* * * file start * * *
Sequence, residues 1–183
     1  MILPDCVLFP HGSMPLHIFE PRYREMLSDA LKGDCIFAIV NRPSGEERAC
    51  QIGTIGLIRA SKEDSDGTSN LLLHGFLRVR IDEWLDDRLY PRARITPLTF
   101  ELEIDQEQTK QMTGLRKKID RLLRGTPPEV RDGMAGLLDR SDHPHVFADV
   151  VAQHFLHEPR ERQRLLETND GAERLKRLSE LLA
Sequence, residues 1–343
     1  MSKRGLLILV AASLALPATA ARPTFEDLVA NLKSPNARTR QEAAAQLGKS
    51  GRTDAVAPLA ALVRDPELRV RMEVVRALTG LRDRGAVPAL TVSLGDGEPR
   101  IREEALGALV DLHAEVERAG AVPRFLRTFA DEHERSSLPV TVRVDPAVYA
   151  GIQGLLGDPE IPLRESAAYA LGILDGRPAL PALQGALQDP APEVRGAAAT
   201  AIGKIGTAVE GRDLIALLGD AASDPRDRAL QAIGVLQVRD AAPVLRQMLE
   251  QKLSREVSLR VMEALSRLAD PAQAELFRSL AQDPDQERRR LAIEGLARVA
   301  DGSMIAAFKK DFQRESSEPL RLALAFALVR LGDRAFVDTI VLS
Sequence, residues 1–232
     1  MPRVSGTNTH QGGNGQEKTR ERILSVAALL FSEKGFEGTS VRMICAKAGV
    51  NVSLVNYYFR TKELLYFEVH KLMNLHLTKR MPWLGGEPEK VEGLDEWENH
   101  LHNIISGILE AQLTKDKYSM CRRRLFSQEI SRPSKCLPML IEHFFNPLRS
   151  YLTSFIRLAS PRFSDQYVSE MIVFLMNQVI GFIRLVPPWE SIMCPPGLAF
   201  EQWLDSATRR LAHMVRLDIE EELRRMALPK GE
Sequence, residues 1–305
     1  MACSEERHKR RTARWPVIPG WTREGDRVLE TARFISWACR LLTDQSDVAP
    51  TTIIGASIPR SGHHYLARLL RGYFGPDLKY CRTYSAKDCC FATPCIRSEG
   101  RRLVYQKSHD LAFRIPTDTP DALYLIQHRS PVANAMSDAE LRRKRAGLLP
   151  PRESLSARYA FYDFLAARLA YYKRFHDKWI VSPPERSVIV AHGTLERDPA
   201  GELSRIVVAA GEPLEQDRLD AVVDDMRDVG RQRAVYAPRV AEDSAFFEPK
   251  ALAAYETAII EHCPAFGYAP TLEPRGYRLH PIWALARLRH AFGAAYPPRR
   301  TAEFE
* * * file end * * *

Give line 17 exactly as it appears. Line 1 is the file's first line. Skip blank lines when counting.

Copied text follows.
   101  LHNIISGILE AQLTKDKYSM CRRRLFSQEI SRPSKCLPML IEHFFNPLRS